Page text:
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March 25, 2004

Rusty Adds Membranes to Kuro5hin

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Posted by Clay Shirky

If there were a Shirky's Law, it would be something like "The advantages of anonymity grow linearly with the population; the disadvantages grow with the square of the population." After decades where the native design assumption was that anything that minimized user flexibility was A Bad Thing®, we are in an era where the disadvantages of complete user freedom in communal settings have become too high to bear, whether from anonymous flamers, spammers, trolls, or whatever else. One solution that seems to be emerging is the addition of semi-permeable membranes, which raise some threshold to participation, as with Six Apart's proposed TypeKey service. Now Rusty Foster of Kuro5hin has added his version to the membrane pattern, adding a "Managed Growth" pattern, similar in spirit to LiveJournal's "Get a user to invite you" pattern of growth. Says Rusty, characterizing the problem:
So the question is, how do we make it more difficult for obnoxious people to disrupt the site, without barring the gates altogether? And from a wider view, how can a large community like this continue to grow in an organic way? I think part of the initial success of the site was due to the word-of-mouth nature of who showed up to use it. Now that half of our pages are result number one for some google search or another, it seems like a lot of that person-to-person growth, and the sense of community that comes with it, has been lost. I'd like to propose a strategy for this with four parts. The overall ideas behind it are first, to create more of a barrier to entry and thereby make losing accounts more of a hardship, and second, to recognize that some administrative oversight of who stays and who goes is necessary, while making it as accountable as we can to the wishes of other members (without, hopefully, turning it into a game itself).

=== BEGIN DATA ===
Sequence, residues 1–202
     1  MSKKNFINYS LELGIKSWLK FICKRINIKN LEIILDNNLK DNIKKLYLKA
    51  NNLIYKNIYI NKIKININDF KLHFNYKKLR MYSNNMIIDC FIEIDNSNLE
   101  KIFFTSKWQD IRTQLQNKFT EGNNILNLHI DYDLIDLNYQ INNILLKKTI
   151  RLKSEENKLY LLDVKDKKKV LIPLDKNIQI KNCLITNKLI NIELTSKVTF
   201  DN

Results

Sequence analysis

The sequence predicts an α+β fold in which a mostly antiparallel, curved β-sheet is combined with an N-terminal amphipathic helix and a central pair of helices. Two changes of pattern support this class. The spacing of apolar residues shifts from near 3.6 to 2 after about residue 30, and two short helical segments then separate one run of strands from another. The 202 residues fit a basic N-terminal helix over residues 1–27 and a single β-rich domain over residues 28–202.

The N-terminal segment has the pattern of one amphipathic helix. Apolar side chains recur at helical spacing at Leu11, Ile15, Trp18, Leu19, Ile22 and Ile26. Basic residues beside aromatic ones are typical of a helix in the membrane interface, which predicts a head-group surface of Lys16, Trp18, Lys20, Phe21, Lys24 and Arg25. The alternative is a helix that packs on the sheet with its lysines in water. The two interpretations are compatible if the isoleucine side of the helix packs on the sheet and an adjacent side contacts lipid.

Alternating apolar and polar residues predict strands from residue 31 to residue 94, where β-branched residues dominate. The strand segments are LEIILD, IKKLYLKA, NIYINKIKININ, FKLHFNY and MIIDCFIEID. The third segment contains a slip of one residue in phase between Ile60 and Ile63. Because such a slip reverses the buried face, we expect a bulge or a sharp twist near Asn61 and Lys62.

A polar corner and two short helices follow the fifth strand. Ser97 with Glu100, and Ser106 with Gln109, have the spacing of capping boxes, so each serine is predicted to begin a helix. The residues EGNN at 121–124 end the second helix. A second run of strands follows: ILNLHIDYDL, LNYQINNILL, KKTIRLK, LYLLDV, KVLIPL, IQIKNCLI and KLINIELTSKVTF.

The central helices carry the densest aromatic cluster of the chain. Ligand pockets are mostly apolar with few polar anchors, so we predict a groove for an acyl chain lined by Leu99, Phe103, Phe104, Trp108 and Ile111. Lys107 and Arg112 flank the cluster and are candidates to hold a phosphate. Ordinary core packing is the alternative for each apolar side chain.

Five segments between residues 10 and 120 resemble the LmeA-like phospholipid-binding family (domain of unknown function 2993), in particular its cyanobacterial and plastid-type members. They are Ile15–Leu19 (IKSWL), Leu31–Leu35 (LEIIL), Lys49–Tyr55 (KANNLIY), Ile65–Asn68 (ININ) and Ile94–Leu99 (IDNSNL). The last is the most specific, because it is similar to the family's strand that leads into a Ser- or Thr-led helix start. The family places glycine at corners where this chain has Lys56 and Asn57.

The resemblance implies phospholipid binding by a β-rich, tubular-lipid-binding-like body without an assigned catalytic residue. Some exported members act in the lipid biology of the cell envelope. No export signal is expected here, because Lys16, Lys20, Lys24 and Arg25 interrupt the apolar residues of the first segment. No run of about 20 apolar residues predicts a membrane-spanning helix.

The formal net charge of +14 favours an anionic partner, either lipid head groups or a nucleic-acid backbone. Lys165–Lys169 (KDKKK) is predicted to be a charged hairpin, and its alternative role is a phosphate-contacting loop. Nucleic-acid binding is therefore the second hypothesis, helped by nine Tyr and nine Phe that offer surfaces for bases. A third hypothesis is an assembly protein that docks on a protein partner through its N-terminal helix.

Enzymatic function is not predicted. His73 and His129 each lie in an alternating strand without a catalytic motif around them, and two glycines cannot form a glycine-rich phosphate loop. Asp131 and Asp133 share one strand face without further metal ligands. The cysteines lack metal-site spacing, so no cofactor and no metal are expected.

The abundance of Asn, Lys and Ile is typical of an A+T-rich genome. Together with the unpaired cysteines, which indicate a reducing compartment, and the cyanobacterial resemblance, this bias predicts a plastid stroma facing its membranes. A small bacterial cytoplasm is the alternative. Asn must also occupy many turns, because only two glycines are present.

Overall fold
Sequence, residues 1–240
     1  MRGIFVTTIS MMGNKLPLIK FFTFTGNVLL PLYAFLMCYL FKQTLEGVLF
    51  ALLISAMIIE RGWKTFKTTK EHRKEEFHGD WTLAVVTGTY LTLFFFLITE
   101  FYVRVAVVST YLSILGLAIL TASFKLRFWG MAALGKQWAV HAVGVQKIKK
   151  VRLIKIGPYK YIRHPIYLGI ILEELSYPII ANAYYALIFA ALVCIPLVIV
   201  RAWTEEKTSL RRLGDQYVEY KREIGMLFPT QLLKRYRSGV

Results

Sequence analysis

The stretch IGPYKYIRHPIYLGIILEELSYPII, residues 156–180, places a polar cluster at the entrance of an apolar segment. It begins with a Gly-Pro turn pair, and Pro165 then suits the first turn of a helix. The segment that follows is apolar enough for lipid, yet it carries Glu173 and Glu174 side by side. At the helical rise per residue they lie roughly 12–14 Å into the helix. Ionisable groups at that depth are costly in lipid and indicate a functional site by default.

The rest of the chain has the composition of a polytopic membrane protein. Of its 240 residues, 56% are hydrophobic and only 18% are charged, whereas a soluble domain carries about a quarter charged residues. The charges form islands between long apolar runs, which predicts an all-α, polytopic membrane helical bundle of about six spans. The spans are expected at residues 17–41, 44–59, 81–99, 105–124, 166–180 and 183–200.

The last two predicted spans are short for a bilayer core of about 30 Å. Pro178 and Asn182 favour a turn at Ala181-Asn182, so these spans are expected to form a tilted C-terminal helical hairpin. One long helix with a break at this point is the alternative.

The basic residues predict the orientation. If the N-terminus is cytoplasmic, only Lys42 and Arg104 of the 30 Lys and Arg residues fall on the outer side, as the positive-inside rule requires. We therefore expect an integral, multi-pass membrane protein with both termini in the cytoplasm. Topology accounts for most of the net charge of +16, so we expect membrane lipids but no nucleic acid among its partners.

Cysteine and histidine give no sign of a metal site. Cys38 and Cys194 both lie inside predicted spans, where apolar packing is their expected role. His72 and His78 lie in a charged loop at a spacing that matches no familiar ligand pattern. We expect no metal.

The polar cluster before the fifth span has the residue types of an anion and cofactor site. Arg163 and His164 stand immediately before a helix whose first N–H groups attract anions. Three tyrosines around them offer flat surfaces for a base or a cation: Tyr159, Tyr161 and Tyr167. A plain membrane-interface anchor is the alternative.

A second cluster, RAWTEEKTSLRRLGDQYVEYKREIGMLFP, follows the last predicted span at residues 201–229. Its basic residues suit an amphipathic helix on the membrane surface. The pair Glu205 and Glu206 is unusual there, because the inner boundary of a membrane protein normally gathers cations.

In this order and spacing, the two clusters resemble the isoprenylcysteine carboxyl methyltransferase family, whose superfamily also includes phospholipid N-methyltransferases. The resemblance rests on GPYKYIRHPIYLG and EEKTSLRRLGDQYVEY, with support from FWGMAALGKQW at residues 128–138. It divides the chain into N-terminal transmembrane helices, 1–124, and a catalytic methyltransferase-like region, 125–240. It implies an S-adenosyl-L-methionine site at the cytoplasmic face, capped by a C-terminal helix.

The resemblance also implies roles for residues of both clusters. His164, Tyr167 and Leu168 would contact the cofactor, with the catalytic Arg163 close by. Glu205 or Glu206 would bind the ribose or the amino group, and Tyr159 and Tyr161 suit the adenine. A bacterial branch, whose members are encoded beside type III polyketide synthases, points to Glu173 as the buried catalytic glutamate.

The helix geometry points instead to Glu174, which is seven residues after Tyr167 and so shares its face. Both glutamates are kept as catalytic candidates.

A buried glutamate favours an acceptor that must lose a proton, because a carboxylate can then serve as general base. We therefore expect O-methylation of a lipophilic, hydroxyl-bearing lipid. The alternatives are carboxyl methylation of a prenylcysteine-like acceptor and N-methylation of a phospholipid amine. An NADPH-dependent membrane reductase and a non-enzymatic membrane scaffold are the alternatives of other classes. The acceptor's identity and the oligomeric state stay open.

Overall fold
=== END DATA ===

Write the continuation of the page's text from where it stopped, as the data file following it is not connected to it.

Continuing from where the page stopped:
He goes on to describe new ways of handing Sponsorship (creation of new accounts), Guidelines, Warnings, and Feedack, as well as some speculation about implementation. As with everything Rusty does, it's both interesting and well-written, and true to Kuro5hin form, the comments are fantastic as well. Read the whole thing.

Comments (4) + TrackBacks (0) | Category: social software


1. George on March 25, 2004 12:20 PM writes...

That sounds a lot like John Gabrial's Greater Internet Fuckwad Theory, which is described at

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2. rusty on March 25, 2004 1:01 PM writes...

I knew you'd be on this pretty soon Clay, but I'm impressed at the speed. :-)

It should be interesting to see how this turns out. I'm especially keen to see whether we end up needing some kind of open "audition" system, or whether simple word of mouth will be enough.

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3. Vlad on March 25, 2004 1:42 PM writes...

But wouldn't it be easier to just give the users the ability to delete any users that are causing too many problems?

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4. Seb on April 13, 2004 2:47 PM writes...

I just found out that Cornell's scientific preprint archive has adopted a similar scheme earlier this year:

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